Yserria returned her attention to her own battle. When Orina’s front line was nearly to the top, she raised a signal flag. Her men abruptly shifted into a grid with large gaps between the files. Dolinar cast his spell, and dozens of boulders from the other side of the hill began rolling forward between the columns. Yserria gave the signal to the archers, who aimed high so that their arrows would drop behind the shields to strike the men pushing the logs. The arrows struck just as the boulders tumbled down the front slope, crashing into the shields. With no one to hold them, the logs plummeted backward, rolling over and dragging the men behind them. Some of the men were able to escape the shields before they were crushed, and Yserria’s infantry met them with force.
Just as Yserria was beginning to feel confident, a fierce wind began swirling atop the hill, capturing shields and shoving her troops into one another. Dozens of small fireballs, none large enough to kill but certainly large enough to cause damage, were cast toward the crest where they were whipped up by the wind. The fire spread, and the fireballs struck at random. During the commotion, Orina’s forces gained ground. They began to swarm the hill.
Yserria could hear the pounding of hooves, but she could not find their source. Suddenly, the illusion dropped, as if a curtain were drawn back, and a small cavalry unit plowed through their lines. She called to one of her mages, a life mage who was already in the midst of casting a spell. The horses suddenly reared and began thrashing against nonexistent restraints. As the confused horses ran amuck, her archers and pike men took down their riders.
After striking down an infantryman who had been unlucky enough to top the hill, she turned to Malcius. She grabbed him by the collar and pulled him away from the man with whom he was engaged. After running her sword through the man’s ribs, she turned to him.
She held the signal flare out for him and said, “Lead the charge!”
“What? Me? Now?”
“Yes, now! Go!”
He grabbed the flare, and Yserria watched his back as he cut his way to the front line. He activated the purple orb that propelled itself into the sky, setting phase two of their plan into motion. Yserria’s troops descended the hill, leaving a gap in the line to the west. She was depending on Deshari’s duplicity, certain the echelon had been feeding her opponent information. Orina would know that Yserria had little experience and would expect her to make novice mistakes. Sacrificing the high ground enticed Orina’s troops, and the poorly placed line gave them an opening. Orina’s champion took the advantage, his troops filing into the gap, segregating Yserria’s men and acquiring a pathway to summit.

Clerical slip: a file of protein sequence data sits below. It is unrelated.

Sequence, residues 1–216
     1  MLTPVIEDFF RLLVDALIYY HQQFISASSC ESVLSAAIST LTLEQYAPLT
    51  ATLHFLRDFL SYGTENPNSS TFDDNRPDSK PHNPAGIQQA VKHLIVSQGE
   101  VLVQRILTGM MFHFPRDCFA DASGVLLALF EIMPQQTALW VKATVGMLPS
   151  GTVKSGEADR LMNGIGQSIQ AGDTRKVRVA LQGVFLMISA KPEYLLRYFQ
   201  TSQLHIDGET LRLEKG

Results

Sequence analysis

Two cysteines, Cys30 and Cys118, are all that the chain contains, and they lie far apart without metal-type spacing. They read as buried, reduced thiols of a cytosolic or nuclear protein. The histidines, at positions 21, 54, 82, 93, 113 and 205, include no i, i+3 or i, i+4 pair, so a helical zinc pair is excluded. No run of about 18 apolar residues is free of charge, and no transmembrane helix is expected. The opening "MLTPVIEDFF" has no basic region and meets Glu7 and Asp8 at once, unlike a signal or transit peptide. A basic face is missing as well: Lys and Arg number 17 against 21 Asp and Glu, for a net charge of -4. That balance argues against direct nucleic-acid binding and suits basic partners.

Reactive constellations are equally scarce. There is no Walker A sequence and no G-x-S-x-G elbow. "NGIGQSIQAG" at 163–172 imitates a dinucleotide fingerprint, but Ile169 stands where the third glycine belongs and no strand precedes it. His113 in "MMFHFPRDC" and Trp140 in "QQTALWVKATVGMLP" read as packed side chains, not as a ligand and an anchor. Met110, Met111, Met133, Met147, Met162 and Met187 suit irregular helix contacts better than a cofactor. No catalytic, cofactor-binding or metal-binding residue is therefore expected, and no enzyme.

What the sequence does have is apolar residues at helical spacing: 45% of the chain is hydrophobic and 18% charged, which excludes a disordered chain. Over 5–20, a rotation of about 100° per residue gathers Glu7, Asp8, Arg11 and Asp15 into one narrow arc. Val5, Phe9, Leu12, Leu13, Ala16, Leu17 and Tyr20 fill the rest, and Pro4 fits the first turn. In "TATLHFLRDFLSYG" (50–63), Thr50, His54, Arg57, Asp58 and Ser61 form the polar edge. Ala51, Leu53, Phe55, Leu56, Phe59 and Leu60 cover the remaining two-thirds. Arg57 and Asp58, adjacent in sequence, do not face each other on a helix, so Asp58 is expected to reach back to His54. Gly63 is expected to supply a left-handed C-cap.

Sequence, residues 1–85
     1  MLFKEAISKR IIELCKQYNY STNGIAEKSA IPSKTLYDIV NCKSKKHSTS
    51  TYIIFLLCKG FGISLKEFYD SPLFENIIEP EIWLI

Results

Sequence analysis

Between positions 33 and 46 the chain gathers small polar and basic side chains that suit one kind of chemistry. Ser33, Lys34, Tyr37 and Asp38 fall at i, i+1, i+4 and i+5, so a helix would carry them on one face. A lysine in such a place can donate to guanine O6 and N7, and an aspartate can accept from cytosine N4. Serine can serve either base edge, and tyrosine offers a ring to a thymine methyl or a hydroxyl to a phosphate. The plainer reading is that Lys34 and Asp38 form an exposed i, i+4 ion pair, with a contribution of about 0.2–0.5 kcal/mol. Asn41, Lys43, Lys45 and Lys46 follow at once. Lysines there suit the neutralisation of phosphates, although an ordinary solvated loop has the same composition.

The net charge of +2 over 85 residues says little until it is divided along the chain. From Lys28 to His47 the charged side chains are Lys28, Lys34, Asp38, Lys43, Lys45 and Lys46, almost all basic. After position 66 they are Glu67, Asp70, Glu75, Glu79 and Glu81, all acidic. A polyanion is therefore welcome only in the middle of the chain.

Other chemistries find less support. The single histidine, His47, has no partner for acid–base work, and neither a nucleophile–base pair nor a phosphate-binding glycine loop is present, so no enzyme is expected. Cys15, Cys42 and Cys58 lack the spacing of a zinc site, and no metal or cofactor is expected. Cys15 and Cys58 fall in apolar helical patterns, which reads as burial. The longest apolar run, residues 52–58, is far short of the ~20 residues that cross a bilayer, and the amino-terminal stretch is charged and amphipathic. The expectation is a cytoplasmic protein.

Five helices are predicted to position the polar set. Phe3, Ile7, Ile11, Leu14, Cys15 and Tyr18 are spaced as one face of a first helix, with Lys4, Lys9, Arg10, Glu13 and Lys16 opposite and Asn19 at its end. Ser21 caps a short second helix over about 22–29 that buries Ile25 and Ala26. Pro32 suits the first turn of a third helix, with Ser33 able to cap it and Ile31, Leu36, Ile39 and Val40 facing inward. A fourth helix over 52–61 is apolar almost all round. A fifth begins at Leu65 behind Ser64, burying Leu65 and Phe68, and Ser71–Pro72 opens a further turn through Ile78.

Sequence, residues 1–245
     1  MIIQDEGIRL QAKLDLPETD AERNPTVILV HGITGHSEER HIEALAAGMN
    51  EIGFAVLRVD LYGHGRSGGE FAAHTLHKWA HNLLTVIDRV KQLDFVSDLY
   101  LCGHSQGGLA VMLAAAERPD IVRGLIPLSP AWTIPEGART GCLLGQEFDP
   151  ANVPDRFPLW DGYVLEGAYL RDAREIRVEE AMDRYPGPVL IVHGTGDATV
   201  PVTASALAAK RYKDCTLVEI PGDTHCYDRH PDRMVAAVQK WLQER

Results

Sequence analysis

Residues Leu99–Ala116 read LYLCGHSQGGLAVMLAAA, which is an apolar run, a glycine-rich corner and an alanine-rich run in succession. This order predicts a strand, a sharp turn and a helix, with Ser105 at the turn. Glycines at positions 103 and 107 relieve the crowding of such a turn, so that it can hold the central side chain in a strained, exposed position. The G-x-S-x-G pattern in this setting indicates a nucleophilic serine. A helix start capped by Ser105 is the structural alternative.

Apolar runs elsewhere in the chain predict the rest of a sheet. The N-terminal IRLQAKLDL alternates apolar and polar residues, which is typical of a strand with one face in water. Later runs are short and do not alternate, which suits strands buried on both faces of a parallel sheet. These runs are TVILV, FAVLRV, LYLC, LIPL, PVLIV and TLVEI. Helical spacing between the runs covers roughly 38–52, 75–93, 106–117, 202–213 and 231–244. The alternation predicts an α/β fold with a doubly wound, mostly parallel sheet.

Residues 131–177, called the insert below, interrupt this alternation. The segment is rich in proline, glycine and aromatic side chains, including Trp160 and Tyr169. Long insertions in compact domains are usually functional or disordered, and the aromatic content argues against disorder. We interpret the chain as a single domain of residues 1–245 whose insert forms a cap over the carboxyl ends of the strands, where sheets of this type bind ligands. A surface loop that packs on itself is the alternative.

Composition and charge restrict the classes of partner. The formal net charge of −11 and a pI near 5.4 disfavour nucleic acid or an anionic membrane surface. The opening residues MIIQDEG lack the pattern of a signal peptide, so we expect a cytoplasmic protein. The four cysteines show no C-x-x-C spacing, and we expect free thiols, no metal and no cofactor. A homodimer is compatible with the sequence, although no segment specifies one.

Balen’s men did not appear. No charge from the rear, no final rout. He had abandoned her. Yserria’s heart plummeted into her stomach, and she looked for Malcius. He was there in the fray, deep in the thick of it, determined to drive the enemy into the rear forces that were not coming. She hurried to the crest of the hill and scanned the other hill to see how Ifigen’s troops fared and was shocked. His hill had been overrun, and Orina’s forces had been diverted to her field.
Dolinar ran up to her, breathing heavily as he leaned on his knees. He was bleeding from several gashes, and his armor was hanging from one shoulder.
“Echelon Orina has broken the terms of the challenge. She was not satisfied to wait and see if you would fail. She seeks to overthrow Echelon Deshari.”
“I see that. Where is Balen?”
He pointed toward the base of the rise along the river. “There, Echelon Orina’s troops are now nearly double, and he was forced to engage much farther back. If he had not been there, though, we would already have been overrun.”
Yserria had to think fast. What would Rezkin do? Something unimaginable, she was sure. “Gather the mages,” she said. “Move the river.”
He looked at her as if she were mad. “You wish for us to do what? That is impossible.”
“No,” she said, pointing to the gentle slope of the ridge along the hill’s elongated western flank. “The saddle there is low, and the rock beds dip away. You can see where they have already slumped. With a bit of power, you can force them to slide on their own. It will dam the river and open a passage through here. The field below will be flooded. Orina’s troops will be decimated.”
“And some of our own,” said Dolinar.
“We will sound a retreat right before you act. We will save as many as we can, but if we do nothing, all of them will die.”
“I am an earth mage. I know this land. What you ask—I do not believe it can be done.”
“We cannot know until we try; and, if we do not try, we will never have another chance.”
Dolinar nodded and then sprinted off to gather the few mages at their disposal. Yserria gripped her sword, whispered a prayer to the Maker, and then descended into the turmoil, fighting her way toward Malcius. The grass on the slope had been ripped and churned, and the topsoil had become loose. With every precarious step, Yserria slashed and ducked. She used her body weight to send more than one enemy tumbling down the hill and tried to catch a few of her own men who might have shared the same fate. She finally caught up with Malcius, and without discussion, the two fell into the partnered combat they had been taught. Guarding each other’s backs, they fought until those in their immediate vicinity were dead, then moved farther along the line.
After what felt like years, Yserria heard a resounding crack followed by a massive rumble. The ground shook beneath their feet, and soldiers on both sides paused in fear of what was to come. She looked for the signal, but there was no sign for retreat, so she kept fighting. Several minutes later, there was another blast, this one louder. This time, the ground’s trembling was accompanied by the roar of rushing water.
Yserria screamed, “Retreat! Retreat!”